The Death of The Panopticon

The element of Jean Baudrillard’s Simulacra and Simulation that I am finding the trickiest is his claim that the rise of media that induce simulation also lead to the “End of the panoptic system” (Baudrillard, 29). Placed in the context of his inquiry into the Loud family, as the first televised attempt to pierce “lived reality in order to put it to death” (28), Baudrillard’s claim of the death of the panopticon seems linked to the simulation of continuous “‘verite’ experience—the panopticon dies in the “truth of the TV” (28). This moment in Simulacra and Simulation struck me as particularly jarring, since as I was reading the piece I was waiting for Baudrillard to use the panopticon as an example of simulation itself.

In the architecture of the panopticon, a circular room locates inmates or students in individual cells, all facing away from the center. A guard is placed in the center of the circle and observes the inmates or students as they face away from the guard. Although it is impossible for the guard to observe the inmates or students at all times, it is also impossible for the inmates or students to know when exactly they are being observed. This is situation of discipline, where the gaze of authority is, more often than not, a simulation. The construction of paranoia is the simulation of constant observation.

panopticon

Baudrillard further clarifies his stance on the panoptic again when he notes that “Truth is no longer the reflexive truth of the mirror, nor the perspectival truth of the panoptic system and of the gaze, but the manipulative truth of the test that sounds out and interrogates, of the laser that touches and pierces, of computer cards that retain your preferred sequences, of the genetic code that controls your combinations, of cells that inform your sensory universe” (29). The panoptic gaze is destroyed by a re-orientation of ‘truth,’ a re-orientation necessarily caused by the shift from the ‘real’ to the ‘simulation.’ The five causes of this shift, as noted by Baudrillard are:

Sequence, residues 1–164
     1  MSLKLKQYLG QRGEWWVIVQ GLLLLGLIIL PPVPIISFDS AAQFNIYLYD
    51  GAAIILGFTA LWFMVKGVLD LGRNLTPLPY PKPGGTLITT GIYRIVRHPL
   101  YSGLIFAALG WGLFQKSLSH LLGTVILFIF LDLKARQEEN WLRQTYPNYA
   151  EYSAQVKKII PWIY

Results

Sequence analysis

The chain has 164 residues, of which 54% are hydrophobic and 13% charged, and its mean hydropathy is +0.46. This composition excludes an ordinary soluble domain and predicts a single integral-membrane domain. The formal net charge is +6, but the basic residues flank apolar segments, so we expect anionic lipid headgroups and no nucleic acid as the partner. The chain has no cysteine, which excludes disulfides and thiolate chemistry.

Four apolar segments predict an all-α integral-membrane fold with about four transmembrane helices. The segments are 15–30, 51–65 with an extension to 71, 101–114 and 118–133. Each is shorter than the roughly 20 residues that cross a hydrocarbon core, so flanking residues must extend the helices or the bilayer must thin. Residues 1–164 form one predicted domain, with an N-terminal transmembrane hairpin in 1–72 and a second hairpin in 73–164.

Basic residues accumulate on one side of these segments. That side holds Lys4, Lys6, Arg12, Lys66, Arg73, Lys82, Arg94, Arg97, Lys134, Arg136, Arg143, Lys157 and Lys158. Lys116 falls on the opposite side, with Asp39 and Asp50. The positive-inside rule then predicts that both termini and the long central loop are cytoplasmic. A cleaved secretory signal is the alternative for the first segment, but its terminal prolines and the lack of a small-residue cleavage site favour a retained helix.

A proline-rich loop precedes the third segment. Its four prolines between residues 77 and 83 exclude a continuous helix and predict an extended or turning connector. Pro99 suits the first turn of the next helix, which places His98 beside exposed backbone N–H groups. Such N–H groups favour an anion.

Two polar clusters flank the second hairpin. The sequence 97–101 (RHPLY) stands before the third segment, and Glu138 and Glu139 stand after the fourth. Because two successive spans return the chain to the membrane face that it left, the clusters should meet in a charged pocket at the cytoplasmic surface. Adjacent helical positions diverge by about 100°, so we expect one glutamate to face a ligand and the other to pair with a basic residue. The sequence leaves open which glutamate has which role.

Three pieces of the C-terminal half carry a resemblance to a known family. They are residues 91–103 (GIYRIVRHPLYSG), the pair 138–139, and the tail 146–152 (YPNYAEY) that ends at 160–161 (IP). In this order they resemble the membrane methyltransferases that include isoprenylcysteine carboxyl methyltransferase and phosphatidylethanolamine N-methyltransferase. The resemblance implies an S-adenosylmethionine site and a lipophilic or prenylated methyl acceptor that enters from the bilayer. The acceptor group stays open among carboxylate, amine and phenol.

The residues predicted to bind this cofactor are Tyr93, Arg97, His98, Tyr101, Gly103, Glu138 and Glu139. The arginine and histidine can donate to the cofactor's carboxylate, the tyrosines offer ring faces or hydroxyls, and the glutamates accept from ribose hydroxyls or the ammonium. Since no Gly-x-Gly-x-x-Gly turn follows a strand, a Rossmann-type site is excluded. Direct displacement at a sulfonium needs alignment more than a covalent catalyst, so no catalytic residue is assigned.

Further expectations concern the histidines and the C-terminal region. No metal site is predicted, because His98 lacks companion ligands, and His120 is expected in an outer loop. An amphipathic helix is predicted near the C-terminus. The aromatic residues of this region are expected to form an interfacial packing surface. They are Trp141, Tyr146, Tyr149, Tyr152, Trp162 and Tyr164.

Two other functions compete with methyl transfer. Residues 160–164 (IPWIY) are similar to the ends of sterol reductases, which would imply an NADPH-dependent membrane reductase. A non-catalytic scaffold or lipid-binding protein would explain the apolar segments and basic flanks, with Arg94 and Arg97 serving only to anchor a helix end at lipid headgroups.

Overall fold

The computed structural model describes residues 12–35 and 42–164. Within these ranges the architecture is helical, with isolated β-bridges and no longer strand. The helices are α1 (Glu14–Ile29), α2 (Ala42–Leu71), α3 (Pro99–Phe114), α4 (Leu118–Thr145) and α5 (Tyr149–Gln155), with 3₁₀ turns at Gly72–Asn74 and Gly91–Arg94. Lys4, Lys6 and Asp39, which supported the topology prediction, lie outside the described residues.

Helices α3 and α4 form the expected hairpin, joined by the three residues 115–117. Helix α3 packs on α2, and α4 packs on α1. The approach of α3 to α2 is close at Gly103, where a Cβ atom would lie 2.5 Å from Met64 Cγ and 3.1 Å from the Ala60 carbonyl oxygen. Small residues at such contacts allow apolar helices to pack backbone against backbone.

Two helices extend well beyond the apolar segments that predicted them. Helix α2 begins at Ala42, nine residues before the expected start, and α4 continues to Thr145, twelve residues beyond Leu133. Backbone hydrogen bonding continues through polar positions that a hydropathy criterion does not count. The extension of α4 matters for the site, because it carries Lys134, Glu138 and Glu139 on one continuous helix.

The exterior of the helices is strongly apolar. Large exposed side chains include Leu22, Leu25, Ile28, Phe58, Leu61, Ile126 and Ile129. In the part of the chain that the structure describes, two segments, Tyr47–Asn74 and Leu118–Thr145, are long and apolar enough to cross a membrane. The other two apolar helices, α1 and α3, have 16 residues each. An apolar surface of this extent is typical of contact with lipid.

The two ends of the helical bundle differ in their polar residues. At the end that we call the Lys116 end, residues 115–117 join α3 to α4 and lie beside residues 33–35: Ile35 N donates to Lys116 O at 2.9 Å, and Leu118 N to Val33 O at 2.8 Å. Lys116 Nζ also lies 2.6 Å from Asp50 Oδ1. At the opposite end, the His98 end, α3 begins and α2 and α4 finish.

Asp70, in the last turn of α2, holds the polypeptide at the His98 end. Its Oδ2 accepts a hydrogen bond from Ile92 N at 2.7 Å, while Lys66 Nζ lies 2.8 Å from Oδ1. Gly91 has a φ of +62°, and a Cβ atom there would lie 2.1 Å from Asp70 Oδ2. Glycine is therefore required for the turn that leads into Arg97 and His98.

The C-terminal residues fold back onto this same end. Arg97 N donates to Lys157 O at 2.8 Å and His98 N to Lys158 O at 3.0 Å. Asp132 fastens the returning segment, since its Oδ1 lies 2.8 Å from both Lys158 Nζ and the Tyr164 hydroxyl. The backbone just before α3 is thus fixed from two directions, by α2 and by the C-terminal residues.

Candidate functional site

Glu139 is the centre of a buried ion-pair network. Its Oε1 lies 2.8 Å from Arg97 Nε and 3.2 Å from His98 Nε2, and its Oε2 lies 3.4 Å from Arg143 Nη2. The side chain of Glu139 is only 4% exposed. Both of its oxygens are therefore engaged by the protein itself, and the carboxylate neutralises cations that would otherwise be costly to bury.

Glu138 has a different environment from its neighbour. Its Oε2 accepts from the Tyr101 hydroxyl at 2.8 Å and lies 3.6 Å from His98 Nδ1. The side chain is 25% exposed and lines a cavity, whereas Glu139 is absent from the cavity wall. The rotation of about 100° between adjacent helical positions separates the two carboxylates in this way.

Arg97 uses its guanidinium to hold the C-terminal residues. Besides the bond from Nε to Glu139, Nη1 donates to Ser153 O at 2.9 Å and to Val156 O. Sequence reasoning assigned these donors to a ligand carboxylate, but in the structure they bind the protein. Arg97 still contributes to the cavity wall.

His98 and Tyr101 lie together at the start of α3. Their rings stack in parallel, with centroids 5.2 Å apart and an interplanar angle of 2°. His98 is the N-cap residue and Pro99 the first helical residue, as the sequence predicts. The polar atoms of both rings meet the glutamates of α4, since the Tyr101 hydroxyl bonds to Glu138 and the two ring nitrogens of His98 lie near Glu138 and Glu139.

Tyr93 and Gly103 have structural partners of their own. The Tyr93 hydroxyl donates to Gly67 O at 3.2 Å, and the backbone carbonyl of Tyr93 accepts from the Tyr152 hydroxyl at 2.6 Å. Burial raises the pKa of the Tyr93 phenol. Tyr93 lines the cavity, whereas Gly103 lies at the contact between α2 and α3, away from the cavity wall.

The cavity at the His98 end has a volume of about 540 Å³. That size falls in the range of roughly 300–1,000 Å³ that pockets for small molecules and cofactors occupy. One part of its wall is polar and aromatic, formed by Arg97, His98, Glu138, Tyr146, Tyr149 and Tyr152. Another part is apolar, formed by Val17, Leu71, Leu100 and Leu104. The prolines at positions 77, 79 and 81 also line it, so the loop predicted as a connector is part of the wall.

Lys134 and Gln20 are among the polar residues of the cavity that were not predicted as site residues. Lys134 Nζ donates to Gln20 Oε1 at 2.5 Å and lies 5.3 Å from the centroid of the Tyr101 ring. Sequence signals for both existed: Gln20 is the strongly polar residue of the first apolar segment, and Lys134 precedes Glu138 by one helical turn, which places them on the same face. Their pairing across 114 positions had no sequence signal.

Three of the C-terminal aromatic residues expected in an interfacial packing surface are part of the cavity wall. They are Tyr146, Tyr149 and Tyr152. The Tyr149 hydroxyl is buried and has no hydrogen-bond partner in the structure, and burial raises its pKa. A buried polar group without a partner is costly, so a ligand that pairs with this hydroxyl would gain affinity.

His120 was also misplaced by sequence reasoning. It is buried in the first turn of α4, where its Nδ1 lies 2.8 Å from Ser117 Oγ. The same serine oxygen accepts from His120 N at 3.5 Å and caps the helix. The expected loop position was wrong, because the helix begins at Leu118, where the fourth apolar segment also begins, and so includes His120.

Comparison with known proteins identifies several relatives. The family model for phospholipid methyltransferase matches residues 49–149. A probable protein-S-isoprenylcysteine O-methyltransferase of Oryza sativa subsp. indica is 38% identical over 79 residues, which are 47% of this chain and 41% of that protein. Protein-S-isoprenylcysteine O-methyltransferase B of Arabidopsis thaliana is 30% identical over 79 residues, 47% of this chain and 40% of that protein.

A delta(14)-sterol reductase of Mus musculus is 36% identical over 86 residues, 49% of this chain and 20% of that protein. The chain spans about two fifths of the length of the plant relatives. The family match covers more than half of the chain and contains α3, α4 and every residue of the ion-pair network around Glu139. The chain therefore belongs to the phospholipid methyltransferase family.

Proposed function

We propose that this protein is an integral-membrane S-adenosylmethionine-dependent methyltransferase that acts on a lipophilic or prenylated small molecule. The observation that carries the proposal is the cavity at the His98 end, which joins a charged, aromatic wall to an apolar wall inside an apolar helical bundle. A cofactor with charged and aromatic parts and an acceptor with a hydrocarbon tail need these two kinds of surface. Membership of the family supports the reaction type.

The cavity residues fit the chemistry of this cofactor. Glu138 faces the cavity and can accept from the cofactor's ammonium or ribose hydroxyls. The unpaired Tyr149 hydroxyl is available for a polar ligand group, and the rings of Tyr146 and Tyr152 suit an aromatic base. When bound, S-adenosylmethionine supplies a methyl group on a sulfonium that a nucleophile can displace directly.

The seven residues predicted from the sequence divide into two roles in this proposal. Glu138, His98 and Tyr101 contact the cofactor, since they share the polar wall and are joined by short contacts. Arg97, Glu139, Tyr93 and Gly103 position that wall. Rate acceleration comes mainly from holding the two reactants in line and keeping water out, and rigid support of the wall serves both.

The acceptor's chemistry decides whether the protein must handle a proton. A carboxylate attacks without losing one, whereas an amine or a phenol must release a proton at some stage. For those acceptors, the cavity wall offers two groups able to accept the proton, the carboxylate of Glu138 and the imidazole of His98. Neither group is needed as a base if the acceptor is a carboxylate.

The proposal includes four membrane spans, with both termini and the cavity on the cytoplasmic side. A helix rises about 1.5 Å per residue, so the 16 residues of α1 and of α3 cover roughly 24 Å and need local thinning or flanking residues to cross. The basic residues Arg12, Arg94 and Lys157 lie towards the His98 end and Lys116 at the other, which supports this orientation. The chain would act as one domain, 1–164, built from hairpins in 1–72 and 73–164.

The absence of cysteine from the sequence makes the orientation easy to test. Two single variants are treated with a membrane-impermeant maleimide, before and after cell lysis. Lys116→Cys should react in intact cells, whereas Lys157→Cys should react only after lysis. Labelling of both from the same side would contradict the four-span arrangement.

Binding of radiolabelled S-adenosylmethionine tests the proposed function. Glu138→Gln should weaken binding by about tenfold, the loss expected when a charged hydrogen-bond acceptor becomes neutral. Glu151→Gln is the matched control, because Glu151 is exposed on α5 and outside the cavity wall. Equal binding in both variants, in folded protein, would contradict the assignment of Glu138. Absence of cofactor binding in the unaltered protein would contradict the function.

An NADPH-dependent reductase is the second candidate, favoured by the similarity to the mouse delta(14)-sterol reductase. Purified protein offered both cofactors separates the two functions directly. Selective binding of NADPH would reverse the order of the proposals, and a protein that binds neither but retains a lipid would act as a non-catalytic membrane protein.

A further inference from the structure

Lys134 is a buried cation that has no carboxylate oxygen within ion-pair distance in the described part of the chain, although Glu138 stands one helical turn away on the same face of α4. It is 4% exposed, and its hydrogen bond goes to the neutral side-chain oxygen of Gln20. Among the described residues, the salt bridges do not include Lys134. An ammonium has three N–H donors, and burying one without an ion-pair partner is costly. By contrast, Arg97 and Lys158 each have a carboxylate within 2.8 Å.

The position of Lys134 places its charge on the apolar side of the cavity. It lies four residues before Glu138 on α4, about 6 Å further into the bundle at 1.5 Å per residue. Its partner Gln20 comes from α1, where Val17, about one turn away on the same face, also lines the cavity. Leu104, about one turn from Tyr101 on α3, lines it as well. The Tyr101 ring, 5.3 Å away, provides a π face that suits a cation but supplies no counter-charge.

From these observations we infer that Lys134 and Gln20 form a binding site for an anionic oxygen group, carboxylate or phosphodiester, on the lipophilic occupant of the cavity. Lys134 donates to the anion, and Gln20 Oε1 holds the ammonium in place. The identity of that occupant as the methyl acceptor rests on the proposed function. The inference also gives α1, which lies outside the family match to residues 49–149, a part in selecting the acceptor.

1. Television, film, print, the internet. These media confuse our sense and shift away from what is necessary for living and what perpetuates commercial images.
  2. The caesura of capitalism, which distends the materials and processes of capital from their natural and cultural contexts.
  3. The alienation caused by urbanization. The advent of the city locates culture around productivity systems and alienates them from the natural.
  4. The valuation of goods based on currency-value and not based on use-value or necessity. Additionally, the valuation of use-value in terms of monetary systems.
  5. Language as a vehicle and mechanism of capitalism.

Although it seems possible to locate the panoptic gaze in situations of academia (and, it must be noted, there are still prisons that architecturally embody the panoptic gaze), Baudrillard would argue that such a system of control is simply a simulation of the former truth of the panoptic gaze—a simulacra now divorced from the initial referent.

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